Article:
ERDOGAN BANS FOREIGN PLAYS

Nobel Prize winner Dario Fo on being on the list of censored authors with Shakespeare

Screen_Shot_2016_09_06_at_2_23_26_PM

Photograph above: screenshot from the Corriere Della Sera


English translation of the Italian article "Dario Fo bandito in Turchia 'È come vinceree il secondo Nobel'" published in Italian in the Corriere Della Sera

on 2 September 2016



DARIO FO BANNED IN TURKEY


“It’s like winning another Nobel Prize”

His theatre texts have been censored together with texts by Shakespeare, Chekov and Brecht “They’re all dead except for me. Let’s hope Erdogan doesn’t find out.”


By Giuseppina Manin



“I am honoured. I’ll be sending a thank you note to Erdogan for including me in such a prestigious circle”. With his usual irony, Dario Fo comments on his being banned from Turkish theatres, together with Shakespeare, Chekov and Brecht. “It’s excellent company. I consider it my second Nobel Prize.”


How did you find out about being censored?

“An Turkish actor friend of mine called me. Many of my texts had been played in the past few days across the country, amongst which “Non si paga non si paga” (“Can’t Pay? Won’t Pay!”) and “Morte accidentale di un anarchico” (“Accidental death of an anarchist”). The latter must have bothered them a lot because it must have read like an accusation against the Turkish police and its methods.”


Which analogies are there effectively?

“The bombs in the streets, the innocent in jail, the torture, the cover-ups of the truth… All of those elements that are called “Massacres of the state” on all the banners.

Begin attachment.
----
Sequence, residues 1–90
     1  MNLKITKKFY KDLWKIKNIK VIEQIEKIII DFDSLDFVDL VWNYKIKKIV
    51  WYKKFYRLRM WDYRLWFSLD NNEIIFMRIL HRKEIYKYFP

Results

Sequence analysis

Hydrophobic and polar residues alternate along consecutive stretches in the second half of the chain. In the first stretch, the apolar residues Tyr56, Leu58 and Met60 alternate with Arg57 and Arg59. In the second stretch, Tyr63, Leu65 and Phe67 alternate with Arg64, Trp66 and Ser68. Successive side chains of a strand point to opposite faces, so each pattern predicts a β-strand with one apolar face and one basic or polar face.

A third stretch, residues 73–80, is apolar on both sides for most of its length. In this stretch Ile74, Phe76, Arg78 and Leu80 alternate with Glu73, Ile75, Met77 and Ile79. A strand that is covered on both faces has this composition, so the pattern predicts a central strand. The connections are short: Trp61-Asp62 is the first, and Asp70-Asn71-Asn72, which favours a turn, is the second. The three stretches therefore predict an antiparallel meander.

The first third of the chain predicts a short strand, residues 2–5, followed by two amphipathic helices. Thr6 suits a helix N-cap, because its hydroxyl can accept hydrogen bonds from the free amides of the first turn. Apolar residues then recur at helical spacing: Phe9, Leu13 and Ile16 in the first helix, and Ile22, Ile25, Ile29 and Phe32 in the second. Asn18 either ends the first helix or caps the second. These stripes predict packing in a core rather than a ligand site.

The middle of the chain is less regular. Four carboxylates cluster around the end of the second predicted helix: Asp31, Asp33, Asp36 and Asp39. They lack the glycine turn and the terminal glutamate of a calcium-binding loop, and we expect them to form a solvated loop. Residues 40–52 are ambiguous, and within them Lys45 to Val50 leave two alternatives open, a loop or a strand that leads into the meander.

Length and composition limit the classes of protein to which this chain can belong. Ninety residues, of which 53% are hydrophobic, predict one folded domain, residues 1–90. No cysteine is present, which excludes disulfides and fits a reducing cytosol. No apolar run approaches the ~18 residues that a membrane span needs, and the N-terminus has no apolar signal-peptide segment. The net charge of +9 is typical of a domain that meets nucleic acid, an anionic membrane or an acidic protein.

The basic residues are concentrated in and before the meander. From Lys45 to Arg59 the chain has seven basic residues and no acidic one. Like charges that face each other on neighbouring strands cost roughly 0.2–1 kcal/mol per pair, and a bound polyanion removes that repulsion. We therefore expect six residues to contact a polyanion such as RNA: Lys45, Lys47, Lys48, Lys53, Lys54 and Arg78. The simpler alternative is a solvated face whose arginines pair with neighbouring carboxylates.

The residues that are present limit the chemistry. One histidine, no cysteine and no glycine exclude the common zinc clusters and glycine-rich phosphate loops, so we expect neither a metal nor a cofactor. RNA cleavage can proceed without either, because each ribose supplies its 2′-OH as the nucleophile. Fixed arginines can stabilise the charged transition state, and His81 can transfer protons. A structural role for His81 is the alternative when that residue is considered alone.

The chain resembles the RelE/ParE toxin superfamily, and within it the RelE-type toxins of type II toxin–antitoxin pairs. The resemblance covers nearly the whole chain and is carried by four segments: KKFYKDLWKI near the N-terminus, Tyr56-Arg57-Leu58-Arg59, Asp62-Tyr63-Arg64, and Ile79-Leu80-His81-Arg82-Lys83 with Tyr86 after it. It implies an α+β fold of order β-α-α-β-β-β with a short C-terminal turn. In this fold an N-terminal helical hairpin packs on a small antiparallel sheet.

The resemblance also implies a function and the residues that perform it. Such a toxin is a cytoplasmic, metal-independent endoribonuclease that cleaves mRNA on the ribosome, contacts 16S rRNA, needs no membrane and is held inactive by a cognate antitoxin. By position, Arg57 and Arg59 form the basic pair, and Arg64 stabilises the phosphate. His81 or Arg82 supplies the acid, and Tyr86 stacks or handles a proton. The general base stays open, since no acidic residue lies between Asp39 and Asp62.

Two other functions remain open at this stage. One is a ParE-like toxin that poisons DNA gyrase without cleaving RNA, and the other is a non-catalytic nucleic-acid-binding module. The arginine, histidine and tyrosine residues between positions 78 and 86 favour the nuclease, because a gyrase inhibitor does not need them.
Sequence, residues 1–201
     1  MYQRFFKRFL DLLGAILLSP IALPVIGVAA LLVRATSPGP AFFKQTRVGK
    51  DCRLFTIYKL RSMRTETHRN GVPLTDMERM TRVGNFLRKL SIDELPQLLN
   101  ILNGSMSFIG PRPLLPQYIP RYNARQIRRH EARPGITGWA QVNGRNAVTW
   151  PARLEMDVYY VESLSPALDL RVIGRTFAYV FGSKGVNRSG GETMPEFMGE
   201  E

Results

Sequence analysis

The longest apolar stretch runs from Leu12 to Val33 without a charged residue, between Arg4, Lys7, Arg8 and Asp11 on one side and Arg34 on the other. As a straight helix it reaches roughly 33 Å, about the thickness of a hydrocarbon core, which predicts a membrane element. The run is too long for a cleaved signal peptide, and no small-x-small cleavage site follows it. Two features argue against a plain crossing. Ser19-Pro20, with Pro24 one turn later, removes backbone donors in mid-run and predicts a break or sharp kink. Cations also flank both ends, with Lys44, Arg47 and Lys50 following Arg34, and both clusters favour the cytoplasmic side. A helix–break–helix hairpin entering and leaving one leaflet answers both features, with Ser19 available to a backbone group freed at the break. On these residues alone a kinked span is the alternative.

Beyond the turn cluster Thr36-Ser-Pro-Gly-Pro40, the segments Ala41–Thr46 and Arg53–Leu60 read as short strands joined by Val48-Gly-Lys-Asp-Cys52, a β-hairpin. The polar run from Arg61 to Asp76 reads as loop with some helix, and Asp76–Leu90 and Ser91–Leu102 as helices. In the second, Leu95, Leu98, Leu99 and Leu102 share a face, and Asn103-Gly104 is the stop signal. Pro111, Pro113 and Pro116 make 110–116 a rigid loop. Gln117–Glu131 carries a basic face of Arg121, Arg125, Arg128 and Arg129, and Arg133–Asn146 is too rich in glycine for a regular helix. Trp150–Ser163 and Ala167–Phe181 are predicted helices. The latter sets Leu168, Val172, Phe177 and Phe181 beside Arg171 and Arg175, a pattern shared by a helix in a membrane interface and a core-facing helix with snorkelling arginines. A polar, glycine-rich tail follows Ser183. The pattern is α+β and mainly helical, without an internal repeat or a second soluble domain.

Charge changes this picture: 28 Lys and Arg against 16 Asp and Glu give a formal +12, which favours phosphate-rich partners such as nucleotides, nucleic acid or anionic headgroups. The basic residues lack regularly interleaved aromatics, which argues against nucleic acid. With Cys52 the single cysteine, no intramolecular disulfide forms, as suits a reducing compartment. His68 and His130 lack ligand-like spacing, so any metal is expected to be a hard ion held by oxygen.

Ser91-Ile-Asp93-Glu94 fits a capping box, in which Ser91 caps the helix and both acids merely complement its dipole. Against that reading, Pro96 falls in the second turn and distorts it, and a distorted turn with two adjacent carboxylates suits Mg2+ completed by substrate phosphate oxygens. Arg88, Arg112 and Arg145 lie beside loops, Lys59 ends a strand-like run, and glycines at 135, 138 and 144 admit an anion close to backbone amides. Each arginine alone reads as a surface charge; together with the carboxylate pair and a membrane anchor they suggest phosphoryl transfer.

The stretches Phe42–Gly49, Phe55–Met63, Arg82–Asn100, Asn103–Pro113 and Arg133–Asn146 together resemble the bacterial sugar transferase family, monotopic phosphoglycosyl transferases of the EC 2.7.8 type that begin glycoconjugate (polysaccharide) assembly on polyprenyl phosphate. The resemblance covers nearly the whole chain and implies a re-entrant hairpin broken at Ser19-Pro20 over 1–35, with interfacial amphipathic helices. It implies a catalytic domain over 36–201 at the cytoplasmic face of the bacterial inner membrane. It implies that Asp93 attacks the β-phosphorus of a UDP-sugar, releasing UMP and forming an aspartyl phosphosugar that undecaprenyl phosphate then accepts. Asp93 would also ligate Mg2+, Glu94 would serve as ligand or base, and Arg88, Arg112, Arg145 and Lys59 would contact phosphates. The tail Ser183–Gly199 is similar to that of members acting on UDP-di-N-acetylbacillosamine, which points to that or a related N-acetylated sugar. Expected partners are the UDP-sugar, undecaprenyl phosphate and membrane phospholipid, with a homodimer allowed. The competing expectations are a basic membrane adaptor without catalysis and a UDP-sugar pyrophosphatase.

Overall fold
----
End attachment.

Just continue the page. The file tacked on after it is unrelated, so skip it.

Complaints that regimes cannot endure, not even on stage. Erdogan says he only wants Turkish theatre.

“It’s always a bad sign when you strive towards cultural autarchy. And when its rage turns against the theatre, against culture it means that you’re afraid of someone else’s point of view; that they see you as a threat. Fascism was at its worst when it agonized. In that sense, when it comes to Turkey, you can only hope.”


Have you ever been in this country?

“No. And at this point I doubt I ever will…It’s tougher over there. I remember well what happened in ’93 in Anatolia when 33 intellectuals were burned alive in a hotel in Sivas.”


In the end, do you find this ban amusing?

“Not really. I am proud to be considered hazardous over there. I have made it my profession to annoy people. For decades I had been censored during the times of Christian democracy, and had been banned from the churches and from TV. That my pieces still bug anyone makes me happy. Plus, there’s a Darwin problem. Recently, I’ve been dealing with Darwin both in a book and in an exhibition. In Turkey, some people perceive you like smoke in their eyes, so much so that there’s an anti-Darwin movement created by Said Nursi, incidentally Erdogan’s mentor.”


At whose side Putin has now also been parading…

“Not for scientific reasons… Oil and business, as Pope Francis says, are the incentive for everything. They are worth more than beauty, love or respect for others.”


In short, you’re a bit worried.

“Of course I am. Erdogan has named four of us, and of those four I am the only one still alive. I hope he doesn’t know that. And I hope no one will tell him.”